I’m an American citizen from Portland, Oregon, and I’ve been living in Germany since 2012. Obviously I’m a native English speaker, but what you might not know is I started learning the German language a year or two before I moved to Hannover to be with my German wife. (And yet, strangely enough, my proficiency level is stuck halfway between “Inebriated Preschooler” and “Lobotomized Soccer Hooligan.”)
Yeah, German is a difficult language to learn; every noun is assigned one of three gender-based articles — der (masculine), die (feminine), or das (neutral) — and these genders have absolutely nothing to do with titties and testicles. For example, “das Mädchen” means “the little girl,” and yet the article it uses is neither masculine nor feminine; it’s goddamn neutral. Or how about, “der Eierstock,” which means, “the ovary,” — a reproductive organ I’m pretty sure is reserved just for the ladies — inexplicably uses the masculine article. Oh, and then we’ve got “die Prostata,” meaning, “the prostate,” — again, a sex organ pretty much restricted to dudes — which uses the feminine article. I mean, what the fuck, Germany?
In my personal opinion, these articles were designed to make the language sound prettier when used in sentences, which, in the case of German, is kind of like smearing sexy red lipstick on a big fat warthog. But whatever, I’m not here to judge. I’m just saying learning German is hard, but probably not as hard as, say, Mandarin Chinese, Arabic, or whatever the hell it is they speak down in Shitsville, Tennessee.
What bothers me though, is the fact that my efforts to become bilingual seem to come at the cost of my own native language; as if each piece of foreign grammar to enter my brain proportionately erodes the native one already in place. For example, German does not use verbs in the two forms which end in “-ing,” better known as present participles and gerunds. This alone pushes me right out of my warm, linguistic comfort zone and into a cold, dark alley full of brain molesters where I must passively accept the fact that “running away” is not an option, but I can sure as hell try and, “away to run” from those word-fondling sex offenders.
And don’t even get me started on German prepositions. They were clearly designed by a fingerpainting nincompoop to both anger and confound foreign language learners. (To be fair, however, prepositions make absolutely no sense in any language other than to those people who speak it as their native tongue.) But seriously, I could complain about German all day long, and nothing will change the fact that I still have to learn it — and simply should learn it — because I live in Germany. Also, whenever I successfully memorize a new word or phrase, it does feel really good. Kind of like a mini orgasm in one of the language centers of my brain. (Wait, would that make it a Braingasm? Lobespasm? Cerebral Coresex? Basal Banglia? Full Frontal Ejacotomy?)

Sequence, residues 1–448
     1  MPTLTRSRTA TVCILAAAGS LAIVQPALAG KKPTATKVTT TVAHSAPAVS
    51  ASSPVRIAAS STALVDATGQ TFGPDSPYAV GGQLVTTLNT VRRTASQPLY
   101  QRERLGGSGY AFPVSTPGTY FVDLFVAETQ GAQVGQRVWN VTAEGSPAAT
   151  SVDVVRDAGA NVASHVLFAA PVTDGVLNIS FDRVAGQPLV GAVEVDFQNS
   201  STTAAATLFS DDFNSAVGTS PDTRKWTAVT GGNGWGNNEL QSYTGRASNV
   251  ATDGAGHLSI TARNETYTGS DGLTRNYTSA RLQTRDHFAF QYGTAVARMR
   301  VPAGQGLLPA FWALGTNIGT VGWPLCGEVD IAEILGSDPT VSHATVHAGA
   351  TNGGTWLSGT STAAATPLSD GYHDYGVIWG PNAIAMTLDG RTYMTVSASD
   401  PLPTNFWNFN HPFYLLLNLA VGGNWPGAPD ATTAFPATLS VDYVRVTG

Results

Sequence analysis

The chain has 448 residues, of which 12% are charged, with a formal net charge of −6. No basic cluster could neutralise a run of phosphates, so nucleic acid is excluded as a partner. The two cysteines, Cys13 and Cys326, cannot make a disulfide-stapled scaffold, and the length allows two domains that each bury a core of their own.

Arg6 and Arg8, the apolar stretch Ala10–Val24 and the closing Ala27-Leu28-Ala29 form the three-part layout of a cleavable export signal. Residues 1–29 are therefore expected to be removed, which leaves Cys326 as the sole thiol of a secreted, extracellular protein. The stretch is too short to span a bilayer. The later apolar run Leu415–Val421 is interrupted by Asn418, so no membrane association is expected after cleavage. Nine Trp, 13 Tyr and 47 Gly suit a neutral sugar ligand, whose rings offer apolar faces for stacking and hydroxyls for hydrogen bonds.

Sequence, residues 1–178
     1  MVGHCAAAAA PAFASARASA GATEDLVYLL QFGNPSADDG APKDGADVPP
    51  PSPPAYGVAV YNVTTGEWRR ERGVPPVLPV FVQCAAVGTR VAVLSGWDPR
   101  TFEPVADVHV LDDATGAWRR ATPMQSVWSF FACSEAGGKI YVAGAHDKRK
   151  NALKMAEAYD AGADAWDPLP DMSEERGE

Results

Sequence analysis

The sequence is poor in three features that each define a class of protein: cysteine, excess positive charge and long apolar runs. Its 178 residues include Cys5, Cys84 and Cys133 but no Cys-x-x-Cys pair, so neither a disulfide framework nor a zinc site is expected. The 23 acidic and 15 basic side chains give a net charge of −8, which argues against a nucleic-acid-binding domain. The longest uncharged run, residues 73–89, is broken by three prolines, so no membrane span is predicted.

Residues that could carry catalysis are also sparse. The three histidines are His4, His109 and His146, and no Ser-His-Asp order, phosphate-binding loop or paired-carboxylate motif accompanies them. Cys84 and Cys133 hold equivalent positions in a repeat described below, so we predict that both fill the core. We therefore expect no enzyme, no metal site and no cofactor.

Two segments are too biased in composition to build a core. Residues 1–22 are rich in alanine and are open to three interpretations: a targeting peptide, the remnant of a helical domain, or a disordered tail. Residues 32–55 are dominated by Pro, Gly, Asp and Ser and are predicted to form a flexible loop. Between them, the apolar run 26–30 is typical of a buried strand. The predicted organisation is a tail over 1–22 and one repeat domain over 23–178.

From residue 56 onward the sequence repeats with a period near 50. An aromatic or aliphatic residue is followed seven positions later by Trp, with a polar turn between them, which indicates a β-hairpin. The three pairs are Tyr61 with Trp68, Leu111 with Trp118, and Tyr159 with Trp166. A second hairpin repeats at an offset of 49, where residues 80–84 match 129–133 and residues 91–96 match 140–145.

Anyway, to be perfectly honest with you, I think learning a second language — any second language — is actually really good for your brain. Being bilingual makes for good mental exercise because you’re essentially switching back and forth between two different ways of structuring your thoughts and then communicating them successfully. (Or failing spectacularly. Either way, it’s still good practice.)
That said, language learning is a bumpy road full of frustrations — especially when you start confusing grammar rules. For example, I have actually said, out loud, for my wife, friends and the entire English-speaking world to hear:
- “I get my glasses,” instead of, “I am getting my glasses.” (German: “Ich hole meine Brille.”)
- “I am in the airplane,” instead of, “I am on the airplane.” (German: “Ich bin im Flugzeug.”)
- “I go upstairs,” instead of, “I am going upstairs.” (German: “Ich gehe nach oben.”)
- “I am on the beach,” instead of, “I am at the beach.” (German: “Ich bin am Strand.”)
- “I make a picture,” instead of, “I am taking a picture.” (German: “Ich mache ein Bild.”)
And then there’s the vocabulary you might start to lose because you’re using one language more than the other. I mean, I’ve lost a ton of English vocabulary since becoming an expat. (That, or alcohol-related dementia — coupled with the concrete nose-dive I took off my scooter when I has nine — are finally turning me into a basketweaver at the local laughing academy.) For example, here are a few words I’ve just straight up forgotten because I’ve been living in Germany too long:
- The Baltic Sea (German: die Ostsee)
- Umbilical chord (German: die Nabelschnur)
- Organic (German: Bio or Organisch)
- Carousel (German: das Karussell)
- Pacifier — like, for a baby (German: der Schnuller)
- Optometrist (German: der Optiker)
- Wifebeater / Tank Top — whatever, a sleeveless undershirt (German: das Unterhemd)
- Erosion (German: die Erosion, but how was I supposed to know it’s the same stupid word? Kiss my ass.)
- Refugee (German: der Flüchtling)
- Garbage disposal machine — like in your sink (German: die Müllabfuhrmaschine, I guess, but they don’t really have these in Germany because they’re considered “wasteful.”)
- Carseat — like, for kids (German: der Kindersitz)
- Imitation (German: die Nachahmung)
- Gall bladder (German: die Gallenblase)
- Defense mechanism (German: der Verteidigungsmechanismus — one word, not kidding.)
- Prostate (German: die Prostata — See? Feminine article.)
Thank you for reading and have an awesome day!